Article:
Mark Levinson No.5805 integrated amplifier

Mark Levinson isn't known as a budget brand, and most people would not consider $8500 a budget price for anything short of a new car. One could argue, though, that Levinson's new No.5805 integrated amplifier ($8500 with DAC and phono stage) is a budget component—combining high performance and build quality with a price tag that's moderate by hi-fi standards. Plus, there's a lot of functionality in one box.

Say you want to build a very good audio system in the fewest possible steps and boxes. The 5805 includes a digital source, MM+MC phono stage, a preamplifier, an amplifier, and a headphone output, all in one product. That's five major functions at an average cost of $1700 per function—significantly less than the average cost in the relevant categories of Class B of Stereophile's Recommended Components list—and think of all the money you'll save on interconnects! The No.5805 starts to look like quite the bargain, assuming it works well and sounds good. So . . . does it?

The very model of a modern integrated amplifier
The No.5805 is large—a typical 177#188;" wide, but deeper than usual at a shade under 20"—and distinctly heavy, at 62 lb. It's also nicely styled, its matte-black surfaces set off by red lights, hourglass-shaped knobs, and glass and brushed-aluminum accents.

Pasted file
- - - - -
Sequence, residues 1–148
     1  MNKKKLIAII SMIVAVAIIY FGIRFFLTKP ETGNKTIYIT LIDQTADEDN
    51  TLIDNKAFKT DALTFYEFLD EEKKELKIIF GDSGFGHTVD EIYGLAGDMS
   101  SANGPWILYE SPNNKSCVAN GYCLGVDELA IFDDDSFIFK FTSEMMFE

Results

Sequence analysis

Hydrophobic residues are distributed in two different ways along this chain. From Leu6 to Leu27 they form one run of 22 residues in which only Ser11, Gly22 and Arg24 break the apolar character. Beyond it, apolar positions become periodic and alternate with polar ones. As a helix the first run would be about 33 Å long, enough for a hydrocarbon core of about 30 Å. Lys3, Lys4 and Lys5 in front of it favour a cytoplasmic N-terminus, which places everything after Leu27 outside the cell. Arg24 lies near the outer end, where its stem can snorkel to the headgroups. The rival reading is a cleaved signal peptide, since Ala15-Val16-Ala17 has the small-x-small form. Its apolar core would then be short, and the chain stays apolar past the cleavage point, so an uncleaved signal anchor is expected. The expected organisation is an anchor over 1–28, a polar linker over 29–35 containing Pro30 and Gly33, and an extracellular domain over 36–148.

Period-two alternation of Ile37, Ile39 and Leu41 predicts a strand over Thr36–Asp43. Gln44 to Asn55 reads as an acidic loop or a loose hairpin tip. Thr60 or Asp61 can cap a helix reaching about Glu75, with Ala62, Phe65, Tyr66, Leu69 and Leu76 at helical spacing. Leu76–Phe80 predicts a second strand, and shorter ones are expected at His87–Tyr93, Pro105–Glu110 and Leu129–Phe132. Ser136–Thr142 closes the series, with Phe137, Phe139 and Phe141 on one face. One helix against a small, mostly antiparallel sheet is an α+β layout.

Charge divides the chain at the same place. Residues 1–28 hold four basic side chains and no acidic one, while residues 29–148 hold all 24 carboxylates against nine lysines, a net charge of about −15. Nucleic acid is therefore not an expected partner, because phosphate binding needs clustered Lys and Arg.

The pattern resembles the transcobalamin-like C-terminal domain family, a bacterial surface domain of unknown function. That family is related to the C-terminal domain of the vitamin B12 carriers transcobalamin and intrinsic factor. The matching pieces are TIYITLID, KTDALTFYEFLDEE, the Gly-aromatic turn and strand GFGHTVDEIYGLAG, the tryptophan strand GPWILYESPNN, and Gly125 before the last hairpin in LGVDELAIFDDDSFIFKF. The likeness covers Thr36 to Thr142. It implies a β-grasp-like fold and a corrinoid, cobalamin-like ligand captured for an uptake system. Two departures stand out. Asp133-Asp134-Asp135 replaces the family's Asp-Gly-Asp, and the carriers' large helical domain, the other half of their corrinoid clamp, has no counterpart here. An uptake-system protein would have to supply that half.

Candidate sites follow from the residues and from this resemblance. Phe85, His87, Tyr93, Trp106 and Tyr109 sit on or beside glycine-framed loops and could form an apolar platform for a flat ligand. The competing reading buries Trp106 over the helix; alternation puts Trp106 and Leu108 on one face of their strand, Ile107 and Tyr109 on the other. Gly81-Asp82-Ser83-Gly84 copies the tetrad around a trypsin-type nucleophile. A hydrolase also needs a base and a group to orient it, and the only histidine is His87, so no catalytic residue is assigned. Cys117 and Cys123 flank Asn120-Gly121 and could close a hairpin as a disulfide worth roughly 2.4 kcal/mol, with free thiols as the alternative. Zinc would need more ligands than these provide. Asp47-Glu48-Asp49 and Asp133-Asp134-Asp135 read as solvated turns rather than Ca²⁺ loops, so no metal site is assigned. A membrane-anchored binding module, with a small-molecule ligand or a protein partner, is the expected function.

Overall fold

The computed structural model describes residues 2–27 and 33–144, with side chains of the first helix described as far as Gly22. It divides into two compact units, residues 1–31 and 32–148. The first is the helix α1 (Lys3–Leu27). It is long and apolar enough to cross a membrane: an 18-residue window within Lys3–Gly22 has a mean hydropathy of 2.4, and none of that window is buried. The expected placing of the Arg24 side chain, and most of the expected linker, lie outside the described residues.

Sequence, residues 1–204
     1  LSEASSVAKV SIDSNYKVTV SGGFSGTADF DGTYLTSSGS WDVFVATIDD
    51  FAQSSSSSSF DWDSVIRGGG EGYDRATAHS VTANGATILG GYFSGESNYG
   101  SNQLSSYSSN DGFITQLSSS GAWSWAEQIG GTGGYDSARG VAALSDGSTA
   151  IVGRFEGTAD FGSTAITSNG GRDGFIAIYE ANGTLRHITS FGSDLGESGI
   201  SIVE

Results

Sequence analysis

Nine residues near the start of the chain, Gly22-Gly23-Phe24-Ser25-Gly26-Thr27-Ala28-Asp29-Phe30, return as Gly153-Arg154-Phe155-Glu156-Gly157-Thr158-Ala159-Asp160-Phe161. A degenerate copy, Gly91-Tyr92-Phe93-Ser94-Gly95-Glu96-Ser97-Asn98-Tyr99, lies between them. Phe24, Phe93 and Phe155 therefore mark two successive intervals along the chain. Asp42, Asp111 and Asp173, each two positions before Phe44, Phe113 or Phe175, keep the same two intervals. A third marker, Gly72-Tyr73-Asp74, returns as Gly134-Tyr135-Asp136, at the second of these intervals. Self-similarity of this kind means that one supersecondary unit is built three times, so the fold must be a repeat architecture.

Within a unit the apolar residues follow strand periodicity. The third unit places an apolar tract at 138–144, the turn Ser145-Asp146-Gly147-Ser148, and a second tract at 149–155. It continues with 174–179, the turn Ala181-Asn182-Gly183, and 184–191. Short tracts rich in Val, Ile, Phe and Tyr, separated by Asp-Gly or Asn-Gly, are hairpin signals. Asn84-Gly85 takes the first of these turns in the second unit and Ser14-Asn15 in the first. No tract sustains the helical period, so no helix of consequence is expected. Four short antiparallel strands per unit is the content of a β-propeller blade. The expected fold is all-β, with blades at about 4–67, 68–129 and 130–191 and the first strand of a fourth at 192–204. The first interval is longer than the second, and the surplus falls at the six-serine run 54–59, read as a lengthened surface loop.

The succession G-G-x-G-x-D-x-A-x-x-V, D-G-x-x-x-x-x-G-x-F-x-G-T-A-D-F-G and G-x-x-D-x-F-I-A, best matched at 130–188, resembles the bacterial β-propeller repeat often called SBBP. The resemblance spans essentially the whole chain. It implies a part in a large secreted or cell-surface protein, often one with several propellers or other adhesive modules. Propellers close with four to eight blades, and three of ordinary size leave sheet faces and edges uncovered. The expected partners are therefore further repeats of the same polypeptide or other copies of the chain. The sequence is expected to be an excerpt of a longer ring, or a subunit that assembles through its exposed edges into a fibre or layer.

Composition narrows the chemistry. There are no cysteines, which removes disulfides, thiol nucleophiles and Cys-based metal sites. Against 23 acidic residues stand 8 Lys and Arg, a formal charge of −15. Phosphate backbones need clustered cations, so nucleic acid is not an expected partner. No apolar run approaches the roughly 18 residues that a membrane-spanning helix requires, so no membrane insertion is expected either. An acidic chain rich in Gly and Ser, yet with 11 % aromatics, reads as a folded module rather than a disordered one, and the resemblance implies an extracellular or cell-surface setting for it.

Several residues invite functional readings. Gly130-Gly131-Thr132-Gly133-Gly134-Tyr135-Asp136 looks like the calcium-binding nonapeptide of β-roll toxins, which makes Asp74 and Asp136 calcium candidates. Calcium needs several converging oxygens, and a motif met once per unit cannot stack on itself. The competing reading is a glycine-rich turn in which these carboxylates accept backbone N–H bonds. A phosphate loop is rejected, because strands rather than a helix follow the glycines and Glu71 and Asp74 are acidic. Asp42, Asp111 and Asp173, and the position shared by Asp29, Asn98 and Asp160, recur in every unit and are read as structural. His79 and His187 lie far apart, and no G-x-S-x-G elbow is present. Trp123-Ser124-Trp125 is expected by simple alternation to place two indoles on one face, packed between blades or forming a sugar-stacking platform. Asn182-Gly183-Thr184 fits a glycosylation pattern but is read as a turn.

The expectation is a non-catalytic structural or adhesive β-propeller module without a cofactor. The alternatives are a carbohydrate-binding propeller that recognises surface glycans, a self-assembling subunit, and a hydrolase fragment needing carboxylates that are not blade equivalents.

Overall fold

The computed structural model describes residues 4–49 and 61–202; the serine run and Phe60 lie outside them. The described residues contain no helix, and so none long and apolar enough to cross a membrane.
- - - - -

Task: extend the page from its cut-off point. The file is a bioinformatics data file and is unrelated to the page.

But it's the feature set that impresses most. The Levinson's eight inputs are evenly split between digital and analog. The former include one USB 2.0, one coaxial S/PDIF, and two TosLink S/PDIF, while the latter include one balanced (XLR), two line-level unbalanced (RCA), and two phono (MM or MC, both RCA, although only one of them can be used at a time). There's also the apparently obligatory home-theater bypass mode, and an Ethernet port for control, not music. Output choices are typical for an integrated: one set of loudspeaker connectors, a set of variable preamp outputs (RCA), and a ¼" headphone jack (footnote 1).

The preamplifier circuit is based on Levinson's proprietary, discrete, direct-coupled, dual-mono architecture. The volume control uses a resistor network coupled to the preamp's single gain stage—not the traditional amplify-then-attenuate volume control. The volume can be adjusted in 0.5dB steps, which is small enough.

Levinson says that the phono (pre)amplification stage is similar to the highly regarded circuit used in their 500-series preamplifiers—but there it's all discrete, while here some integrated circuits are blended in to control costs. The RIAA equalization stage is also, in its way, a hybrid: part passive, part active. Loading is more flexible than in most built-in phono preamps: In MM mode—which, according to company specs, has 39dB of gain—resistive loading is set to 47k ohm, but there are four capacitive-loading settings. MC cartridges, for which 69dB of gain is available, can be resistively loaded at between 37 and 1000 ohms. There's a defeatable rumble filter and a phono-specific ±3dB balance control.